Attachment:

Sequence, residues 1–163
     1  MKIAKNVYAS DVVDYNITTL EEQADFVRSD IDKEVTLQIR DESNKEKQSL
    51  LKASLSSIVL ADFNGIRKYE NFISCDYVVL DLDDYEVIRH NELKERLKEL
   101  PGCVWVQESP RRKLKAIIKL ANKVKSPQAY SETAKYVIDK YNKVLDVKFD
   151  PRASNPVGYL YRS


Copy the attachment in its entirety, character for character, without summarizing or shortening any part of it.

Sequence, residues 1–163
     1  MKIAKNVYAS DVVDYNITTL EEQADFVRSD IDKEVTLQIR DESNKEKQSL
    51  LKASLSSIVL ADFNGIRKYE NFISCDYVVL DLDDYEVIRH NELKERLKEL
   101  PGCVWVQESP RRKLKAIIKL ANKVKSPQAY SETAKYVIDK YNKVLDVKFD
   151  PRASNPVGYL YRS